Going on 2+ months, still no leaks, nice. Next big job is the timing belt, found a chevy dealer that will do the job. This 3.4 will be good to go another 27 years after that.

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First timing belt I ever did was a LQ1, has made every one since seem like a walk in the park!

I still don't think I can properly do that job in less then 6 hours end to end. Not that I've tried to rush it at any point. A 94' should be slightly easier.

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I’m still waiting on the day I gotta do mine. Luckily it seems as though it was replaced not too much before I bought it, and I’ve only put about 15000 on it, but that’s been over 10 years (wow, longest I’ve owned a car)

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10 hours ago, Psych0matt said:

I’m still waiting on the day I gotta do mine. Luckily it seems as though it was replaced not too much before I bought it, and I’ve only put about 15000 on it, but that’s been over 10 years (wow, longest I’ve owned a car)

 

I replaced mine. Bearings went out on the interstate and I was 50 miles away from home. I had to constantly add water to make it home. Didn't overheat so all was well.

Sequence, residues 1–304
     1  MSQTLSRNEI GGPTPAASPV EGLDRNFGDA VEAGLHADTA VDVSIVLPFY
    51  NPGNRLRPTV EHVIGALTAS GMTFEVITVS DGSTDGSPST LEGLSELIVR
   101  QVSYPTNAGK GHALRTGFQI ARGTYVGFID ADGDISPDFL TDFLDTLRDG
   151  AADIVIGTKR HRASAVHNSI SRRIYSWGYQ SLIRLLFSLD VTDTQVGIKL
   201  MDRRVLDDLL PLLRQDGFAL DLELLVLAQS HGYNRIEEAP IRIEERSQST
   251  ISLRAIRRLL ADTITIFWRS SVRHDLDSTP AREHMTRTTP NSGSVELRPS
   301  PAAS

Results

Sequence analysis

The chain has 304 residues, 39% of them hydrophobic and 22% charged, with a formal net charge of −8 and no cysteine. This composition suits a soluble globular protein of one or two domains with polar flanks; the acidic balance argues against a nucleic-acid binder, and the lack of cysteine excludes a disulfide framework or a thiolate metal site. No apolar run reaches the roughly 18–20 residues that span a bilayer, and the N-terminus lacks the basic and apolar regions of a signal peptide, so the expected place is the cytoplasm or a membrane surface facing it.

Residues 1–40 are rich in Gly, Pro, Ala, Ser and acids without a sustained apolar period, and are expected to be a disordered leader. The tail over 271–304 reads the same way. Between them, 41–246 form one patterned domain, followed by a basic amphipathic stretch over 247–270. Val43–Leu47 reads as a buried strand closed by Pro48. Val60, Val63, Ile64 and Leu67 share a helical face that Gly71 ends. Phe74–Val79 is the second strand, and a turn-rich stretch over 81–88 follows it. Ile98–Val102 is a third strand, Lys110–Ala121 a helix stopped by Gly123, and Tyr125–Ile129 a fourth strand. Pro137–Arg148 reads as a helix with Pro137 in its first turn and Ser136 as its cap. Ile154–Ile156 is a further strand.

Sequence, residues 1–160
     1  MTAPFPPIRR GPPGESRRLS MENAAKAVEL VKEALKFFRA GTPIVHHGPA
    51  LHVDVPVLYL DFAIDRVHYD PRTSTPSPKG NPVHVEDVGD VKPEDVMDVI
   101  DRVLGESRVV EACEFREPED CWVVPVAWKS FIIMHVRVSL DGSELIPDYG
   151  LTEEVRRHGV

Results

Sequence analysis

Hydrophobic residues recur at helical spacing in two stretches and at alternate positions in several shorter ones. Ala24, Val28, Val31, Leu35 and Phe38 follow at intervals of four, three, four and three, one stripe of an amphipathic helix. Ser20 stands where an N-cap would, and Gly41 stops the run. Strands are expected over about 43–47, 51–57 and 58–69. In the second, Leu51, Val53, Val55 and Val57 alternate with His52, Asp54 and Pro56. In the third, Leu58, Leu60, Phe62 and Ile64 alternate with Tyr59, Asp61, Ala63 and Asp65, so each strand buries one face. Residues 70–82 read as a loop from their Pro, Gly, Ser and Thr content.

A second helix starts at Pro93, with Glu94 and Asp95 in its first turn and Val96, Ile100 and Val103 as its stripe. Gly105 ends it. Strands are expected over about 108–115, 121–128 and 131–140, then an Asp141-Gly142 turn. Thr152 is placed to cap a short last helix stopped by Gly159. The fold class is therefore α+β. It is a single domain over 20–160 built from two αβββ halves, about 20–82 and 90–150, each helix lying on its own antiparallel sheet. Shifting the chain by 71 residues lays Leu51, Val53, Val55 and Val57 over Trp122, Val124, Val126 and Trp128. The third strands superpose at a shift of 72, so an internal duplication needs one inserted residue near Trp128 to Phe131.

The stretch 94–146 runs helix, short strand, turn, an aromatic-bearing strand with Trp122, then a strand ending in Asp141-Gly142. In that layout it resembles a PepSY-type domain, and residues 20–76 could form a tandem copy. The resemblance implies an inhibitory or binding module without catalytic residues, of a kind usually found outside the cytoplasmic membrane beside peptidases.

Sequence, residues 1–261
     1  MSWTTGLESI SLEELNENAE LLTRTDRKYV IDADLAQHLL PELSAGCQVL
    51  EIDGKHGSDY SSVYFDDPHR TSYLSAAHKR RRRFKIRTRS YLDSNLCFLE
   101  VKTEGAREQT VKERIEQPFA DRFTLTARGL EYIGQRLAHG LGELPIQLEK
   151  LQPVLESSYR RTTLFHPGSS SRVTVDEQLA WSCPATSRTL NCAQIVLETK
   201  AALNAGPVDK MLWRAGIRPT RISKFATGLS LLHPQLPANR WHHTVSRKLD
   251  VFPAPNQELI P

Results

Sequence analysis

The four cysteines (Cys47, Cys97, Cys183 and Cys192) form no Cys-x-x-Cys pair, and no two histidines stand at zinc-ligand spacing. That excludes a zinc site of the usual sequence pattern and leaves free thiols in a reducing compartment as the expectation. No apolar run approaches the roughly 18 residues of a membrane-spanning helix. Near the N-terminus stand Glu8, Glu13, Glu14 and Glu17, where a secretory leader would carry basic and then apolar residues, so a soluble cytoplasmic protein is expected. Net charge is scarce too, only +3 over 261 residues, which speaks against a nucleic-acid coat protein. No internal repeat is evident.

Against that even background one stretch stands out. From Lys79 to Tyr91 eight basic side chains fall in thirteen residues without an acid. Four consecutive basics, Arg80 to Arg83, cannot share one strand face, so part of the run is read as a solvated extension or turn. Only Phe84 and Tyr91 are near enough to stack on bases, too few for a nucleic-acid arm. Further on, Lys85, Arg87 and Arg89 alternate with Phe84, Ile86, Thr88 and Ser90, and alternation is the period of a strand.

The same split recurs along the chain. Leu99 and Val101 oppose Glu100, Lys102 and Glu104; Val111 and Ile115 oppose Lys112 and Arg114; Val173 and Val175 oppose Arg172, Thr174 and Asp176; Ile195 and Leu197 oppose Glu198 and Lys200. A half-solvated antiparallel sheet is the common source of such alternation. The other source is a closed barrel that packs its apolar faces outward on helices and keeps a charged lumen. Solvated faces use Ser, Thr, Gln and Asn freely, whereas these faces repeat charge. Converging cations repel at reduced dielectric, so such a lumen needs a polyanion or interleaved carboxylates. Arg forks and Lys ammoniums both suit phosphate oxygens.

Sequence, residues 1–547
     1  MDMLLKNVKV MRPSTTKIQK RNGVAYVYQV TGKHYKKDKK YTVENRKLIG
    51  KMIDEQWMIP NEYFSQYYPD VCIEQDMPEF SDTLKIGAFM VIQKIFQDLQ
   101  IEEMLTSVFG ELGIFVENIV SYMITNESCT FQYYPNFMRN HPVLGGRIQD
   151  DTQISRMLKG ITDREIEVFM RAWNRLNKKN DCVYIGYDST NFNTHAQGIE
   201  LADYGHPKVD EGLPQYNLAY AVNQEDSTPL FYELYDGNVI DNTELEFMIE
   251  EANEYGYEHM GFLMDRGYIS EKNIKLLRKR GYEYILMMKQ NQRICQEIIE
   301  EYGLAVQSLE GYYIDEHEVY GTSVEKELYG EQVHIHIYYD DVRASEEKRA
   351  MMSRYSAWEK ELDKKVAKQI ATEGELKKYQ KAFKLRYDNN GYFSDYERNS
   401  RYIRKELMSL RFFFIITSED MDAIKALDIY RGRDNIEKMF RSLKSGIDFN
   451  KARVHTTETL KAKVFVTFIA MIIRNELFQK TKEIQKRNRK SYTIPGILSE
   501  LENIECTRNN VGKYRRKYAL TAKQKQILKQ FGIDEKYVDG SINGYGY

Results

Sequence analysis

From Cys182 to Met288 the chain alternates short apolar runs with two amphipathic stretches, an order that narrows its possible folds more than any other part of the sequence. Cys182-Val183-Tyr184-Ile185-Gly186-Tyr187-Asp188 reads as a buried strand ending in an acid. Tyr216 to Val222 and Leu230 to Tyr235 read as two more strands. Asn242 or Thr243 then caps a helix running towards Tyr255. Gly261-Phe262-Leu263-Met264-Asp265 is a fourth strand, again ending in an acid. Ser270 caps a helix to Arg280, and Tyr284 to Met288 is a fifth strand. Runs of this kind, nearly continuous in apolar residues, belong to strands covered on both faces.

If you did it on a 3.1 or 3.4 OHV then you can do it on the LQ1. I did mine in about an hour. 

 

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2 hours ago, Nas Escobar said:

 

I replaced mine. Bearings went out on the interstate and I was 50 miles away from home. I had to constantly add water to make it home. Didn't overheat so all was well.

 

If you did it on a 3.1 or 3.4 OHV then you can do it on the LQ1. I did mine in about an hour. 

 

I meant my timing belt! Yeah, I remember the water pump being pretty easy on the LQ1, haven't done that in over a decade. The 3800 on the 04 and 06 both needed them shortly after i bought each, wasn't too bad but took around an hour.

Edited by Psych0matt
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On 1/15/2021 at 10:35 AM, GnatGoSplat said:

I managed to never have to do an LQ1 timing belt the whole 14yrs we had the 94.  I did pull the cover off and check its appearance every oil change, but that's about it.

 

I had mine changed at 100k only to have the tensioner fail at 120k. Luckily for me, 94 is non interference. Put it back in time, it has around 148k and it keeps going. The car had more issues with that stupid quick connect heater line fitting. I eventually put a barb fitting in its place and never had an issue since. 

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On 1/16/2021 at 10:12 PM, Nas Escobar said:

The car had more issues with that stupid quick connect heater line fitting. I eventually put a barb fitting in its place and never had an issue since. 

Is the OEM quick-connect restricted inside?  They are on the V-8 applications.  The restricted fitting prevents gurgling noise in the heater core, and protects the core from over-pressurizing from high rpm water pump pressure.